How to use blue cheese

There are a few ways to use and enjoy blue cheese, including toppings for soup, steak, and salads, in dressing, and stuffed into green olives!

Blue cheese is a versatile ingredient that’s best suited to stand out on its own on cheese boards, thanks to its nice flavors and textural nuances. 

Blue cheese can be broken into smaller pieces and blended with mayonnaise and sour cream to create a creamy salad dressing like my beloved version of the blue cheese dressing. 

You’d also love using blue cheese alongside red or sparkling wine to unlock a fuller flavor on your palate. 

Or pair the cheese with whole-grain crackers, marcona almonds, or dried fruits such as apricots, raisins, fresh figs, and pears.

Moreover, you can incorporate blue cheese flavor into your favorite steak dish by crumbling a good blue onto the meat as it sears.

How to eat blue cheese? Serve and enjoy as it is, too.

Does blue cheese have mold?

Yes, blue cheese contains penicillium roqueforti, a kind of mold that’s behind the unique blue hue of the cheese as well as its taste and aroma.

However, according to USDA, this type of mold is safe for consumption and doesn’t produce toxins that are harmful to humans.

Is blue cheese pasteurized?

When it comes to commercially-made blue cheese in the United States, most of them are pasteurized by default

However, some products found at a farmer’s market or grocery stores are unpasteurized, so it’s best to read the label before purchasing one. 

If it doesn’t clearly state that the cheese is made from pasteurized milk and you’re following a strict diet, then it’s recommended to avoid it.

Types of blue cheese

There are several of blue cheese; some of you might see them in the dairy aisle, and some you may not hear of or have never seen. 

Here’s a list of the most popular types of blue cheese that can get you started:

English Stilton

English Stilton is one of the famous members of the blue cheese family. 

It’s made with fresh pasteurized cow’s milk and named after a village in Huntingdonshire, England. 

The classic English blue cheese has a rich, intense flavor that’s less salty than his cousin, Roquefort. 

According to Britannica, this cheese features a semisoft and moist or creamy texture with ivory yellow color and bluish-green veins of Penicillium glaucum mold.

French Roquefort

Reportedly one of the oldest known cheeses, French Roquefort or simply Roquefort is made with sheep’s milk, with a notable sharp, tangy, and salty flavor profile, blue-colored veins, and rich, creamy texture. 

Fun fact: Roquefort was reportedly the favorite cheese of the 8th-century Frankish king, Charlemagne, and it was called “le fromage des rois et des papes” or (“the cheese of kings and popes”).

Spanish Cabrales

Another blue cheese variety popular in the culinary world is Cabrales (queso de Cabrales). 

Cabrales is made in pure, unpasteurized cow’s milk, but sometimes it can be a mixture of two or three varieties of milk (milk, sheep, and goat).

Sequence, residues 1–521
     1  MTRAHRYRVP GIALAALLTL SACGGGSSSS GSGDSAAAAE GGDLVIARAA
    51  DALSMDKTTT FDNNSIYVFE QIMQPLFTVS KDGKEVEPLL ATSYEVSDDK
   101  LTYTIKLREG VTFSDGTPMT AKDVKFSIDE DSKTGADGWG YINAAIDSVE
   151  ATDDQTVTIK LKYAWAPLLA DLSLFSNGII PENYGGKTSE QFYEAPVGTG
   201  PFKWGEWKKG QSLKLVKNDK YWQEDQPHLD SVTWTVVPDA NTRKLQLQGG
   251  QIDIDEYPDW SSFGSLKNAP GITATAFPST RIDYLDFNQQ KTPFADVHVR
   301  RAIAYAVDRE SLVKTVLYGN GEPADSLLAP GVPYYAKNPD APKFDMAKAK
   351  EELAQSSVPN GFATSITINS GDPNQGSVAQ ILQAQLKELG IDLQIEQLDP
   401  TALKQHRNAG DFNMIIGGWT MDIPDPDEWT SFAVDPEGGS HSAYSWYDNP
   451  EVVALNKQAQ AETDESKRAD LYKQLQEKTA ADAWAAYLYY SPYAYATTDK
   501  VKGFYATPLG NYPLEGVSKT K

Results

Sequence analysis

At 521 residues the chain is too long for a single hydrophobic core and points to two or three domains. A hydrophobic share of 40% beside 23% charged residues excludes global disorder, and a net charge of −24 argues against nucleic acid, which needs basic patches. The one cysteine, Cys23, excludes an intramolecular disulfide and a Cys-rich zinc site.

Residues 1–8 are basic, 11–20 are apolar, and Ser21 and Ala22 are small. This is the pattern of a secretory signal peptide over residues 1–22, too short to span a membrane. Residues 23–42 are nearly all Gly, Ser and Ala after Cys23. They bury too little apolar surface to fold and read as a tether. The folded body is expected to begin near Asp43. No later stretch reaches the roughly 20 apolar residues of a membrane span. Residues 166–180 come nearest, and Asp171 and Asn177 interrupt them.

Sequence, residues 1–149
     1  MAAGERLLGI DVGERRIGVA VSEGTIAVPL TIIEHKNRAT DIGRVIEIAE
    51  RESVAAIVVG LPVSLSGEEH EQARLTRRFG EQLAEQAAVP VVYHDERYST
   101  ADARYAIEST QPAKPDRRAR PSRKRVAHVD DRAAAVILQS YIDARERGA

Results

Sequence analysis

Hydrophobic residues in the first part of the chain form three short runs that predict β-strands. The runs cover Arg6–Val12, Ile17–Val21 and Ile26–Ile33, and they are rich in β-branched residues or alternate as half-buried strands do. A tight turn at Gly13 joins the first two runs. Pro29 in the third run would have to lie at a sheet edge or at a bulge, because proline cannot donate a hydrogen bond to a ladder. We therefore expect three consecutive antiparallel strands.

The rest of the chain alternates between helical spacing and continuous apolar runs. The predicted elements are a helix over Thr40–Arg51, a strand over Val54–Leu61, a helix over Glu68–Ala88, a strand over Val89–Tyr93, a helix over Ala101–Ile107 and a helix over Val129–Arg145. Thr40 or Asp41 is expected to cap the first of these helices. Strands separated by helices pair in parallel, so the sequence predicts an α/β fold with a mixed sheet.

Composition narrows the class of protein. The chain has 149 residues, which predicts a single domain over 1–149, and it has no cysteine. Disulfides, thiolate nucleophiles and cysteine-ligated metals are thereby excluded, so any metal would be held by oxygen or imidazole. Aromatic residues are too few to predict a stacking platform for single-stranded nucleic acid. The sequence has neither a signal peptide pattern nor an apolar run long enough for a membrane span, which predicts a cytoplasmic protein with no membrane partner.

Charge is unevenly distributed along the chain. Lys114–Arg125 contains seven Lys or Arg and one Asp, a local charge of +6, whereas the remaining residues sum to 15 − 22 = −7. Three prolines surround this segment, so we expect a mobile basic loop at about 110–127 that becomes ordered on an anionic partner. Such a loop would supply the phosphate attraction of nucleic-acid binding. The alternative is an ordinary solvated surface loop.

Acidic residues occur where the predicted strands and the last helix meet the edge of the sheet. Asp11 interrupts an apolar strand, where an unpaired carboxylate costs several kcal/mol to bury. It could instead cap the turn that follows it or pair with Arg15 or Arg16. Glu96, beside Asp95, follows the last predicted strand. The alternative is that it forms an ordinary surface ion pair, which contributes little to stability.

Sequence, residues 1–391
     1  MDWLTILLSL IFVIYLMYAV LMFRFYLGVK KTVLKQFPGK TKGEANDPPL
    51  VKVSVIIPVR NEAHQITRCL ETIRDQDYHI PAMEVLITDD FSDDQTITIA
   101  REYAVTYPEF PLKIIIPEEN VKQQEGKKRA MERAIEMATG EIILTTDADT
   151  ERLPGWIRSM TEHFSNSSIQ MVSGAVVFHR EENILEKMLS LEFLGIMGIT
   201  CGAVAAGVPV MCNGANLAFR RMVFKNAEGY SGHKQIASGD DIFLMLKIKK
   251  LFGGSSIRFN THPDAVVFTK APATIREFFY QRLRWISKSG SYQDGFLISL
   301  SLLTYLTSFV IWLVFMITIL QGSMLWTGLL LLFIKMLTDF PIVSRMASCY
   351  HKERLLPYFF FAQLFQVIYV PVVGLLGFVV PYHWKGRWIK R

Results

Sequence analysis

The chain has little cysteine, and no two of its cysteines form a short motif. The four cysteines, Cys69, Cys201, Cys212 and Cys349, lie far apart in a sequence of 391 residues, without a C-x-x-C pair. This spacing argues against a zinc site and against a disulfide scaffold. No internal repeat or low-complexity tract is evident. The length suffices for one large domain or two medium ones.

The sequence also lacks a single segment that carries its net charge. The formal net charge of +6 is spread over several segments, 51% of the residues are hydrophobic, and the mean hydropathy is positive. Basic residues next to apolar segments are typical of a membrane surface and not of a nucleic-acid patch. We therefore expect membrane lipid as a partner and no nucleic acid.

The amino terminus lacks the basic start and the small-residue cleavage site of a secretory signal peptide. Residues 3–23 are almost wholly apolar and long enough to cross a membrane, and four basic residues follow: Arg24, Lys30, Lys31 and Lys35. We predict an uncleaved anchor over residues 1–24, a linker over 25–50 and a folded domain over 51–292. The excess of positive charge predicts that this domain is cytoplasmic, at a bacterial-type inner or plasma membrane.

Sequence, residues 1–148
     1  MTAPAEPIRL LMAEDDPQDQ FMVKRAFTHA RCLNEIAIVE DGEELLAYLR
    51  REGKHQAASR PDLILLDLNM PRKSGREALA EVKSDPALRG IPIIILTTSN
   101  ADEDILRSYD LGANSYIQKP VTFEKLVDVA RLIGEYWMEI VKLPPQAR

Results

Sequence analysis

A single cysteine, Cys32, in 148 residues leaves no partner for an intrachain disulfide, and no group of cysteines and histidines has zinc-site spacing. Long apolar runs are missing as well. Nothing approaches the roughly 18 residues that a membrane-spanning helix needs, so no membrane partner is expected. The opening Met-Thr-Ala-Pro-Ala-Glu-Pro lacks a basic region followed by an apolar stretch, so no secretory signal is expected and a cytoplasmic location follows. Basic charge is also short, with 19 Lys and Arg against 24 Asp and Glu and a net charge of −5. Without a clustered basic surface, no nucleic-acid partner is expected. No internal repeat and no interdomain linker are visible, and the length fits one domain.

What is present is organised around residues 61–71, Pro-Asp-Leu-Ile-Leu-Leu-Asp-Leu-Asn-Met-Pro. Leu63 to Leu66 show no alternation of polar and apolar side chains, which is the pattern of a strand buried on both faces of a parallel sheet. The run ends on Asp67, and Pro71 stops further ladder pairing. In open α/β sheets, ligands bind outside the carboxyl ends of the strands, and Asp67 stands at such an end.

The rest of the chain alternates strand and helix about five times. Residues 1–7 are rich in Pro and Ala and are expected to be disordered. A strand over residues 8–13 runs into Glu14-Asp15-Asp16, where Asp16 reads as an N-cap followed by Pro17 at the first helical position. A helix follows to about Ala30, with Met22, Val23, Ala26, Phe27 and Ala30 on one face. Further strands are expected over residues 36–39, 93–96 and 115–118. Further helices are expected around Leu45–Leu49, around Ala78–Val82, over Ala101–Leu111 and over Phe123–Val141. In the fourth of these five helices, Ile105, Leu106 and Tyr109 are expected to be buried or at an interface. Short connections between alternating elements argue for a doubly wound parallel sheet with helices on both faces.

It’s considered a fatty cheese with a minimum ripening period of two months in limestone caves; you can easily spot it in the market due to its green aluminum foil wrap. 

Cabrales cheese is famous for its strong aroma, sharp, acidic, and slightly salty taste, creamy and firm texture, and bluish veins of Penicillium.

Danish Danablue

Commonly known as Danish blue, Danish Danablue or danablue is another type of blue cheese. 

It’s well-known for its semi-soft texture, off-white, creamy white, or light yellow appearance, and distinct blue veins.

As per its flavor profile, Danish blue offers a biting and salty undertone with an aroma characterized as strong.

Italian Gorgonzola

Famous in n the northern Italian regions of Piedmont and Lombardy, Gorgonzola, this blue cheese variety is made with unskimmed cow’s milk with three to four months of ripening period. 

Pure gorgonzola has a crumbly, soft texture, a nice, nutty aroma, and a taste ranging from mild to sharp, depending on its age.

What is the blue in blue cheese?

As mentioned above, the blue spots or veins that appeared in most blue cheese are due to the growth of the mold Penicillium in the dairy. 

This kind of mold is edible and doesn’t produce toxins, which makes it safe for human consumption.

🧀 Need a substitute for blue cheese? 🧀

The bottom line

Now we know much more about blue cheese and how it’s best paired with our favorite dishes to add and enhance flavor.

Blue cheese has a lot of excellent uses. 

Sprinkle it over salads or soups (a teaspoon added to homemade tomato soup is -a chef’s kiss- so good!) to make them even tastier.

You can also pair it with wine such as the Port Stilton or any red wine and experience for yourself a delectable meal. 

Perhaps an unexpected surprise, you may be delighted at how perfectly it pairs with dark chocolate and a handful of sweet, juicy berries.

5-Ingredient Blue Cheese Dip

5-Ingredient Blue Cheese Dip

Here is a recipe for an easy 5-ingredient blue cheese dip to help you understand what is blue cheese!


  • ½ c plain Greek yogurt or sour cream
  • 1 c mayonnaise
  • ½ c crumbled blue cheese
  • 1 T lemon juice
  • 1 length of green onions
  • 1 T of milk or half-and-half (only as preferred)
  • Salt and black pepper to taste


  1. Finely chop the white and green parts and add to a small bowl.
  2. Combine all ingredients with the onion and mix well.
  3. Serve immediately as needed; chilled for at least three hours is better.
  4. Serve with your choice of side like chips, fries, salad, or chicken wings. 
  5. Keep covered in the refrigerator for up to two weeks.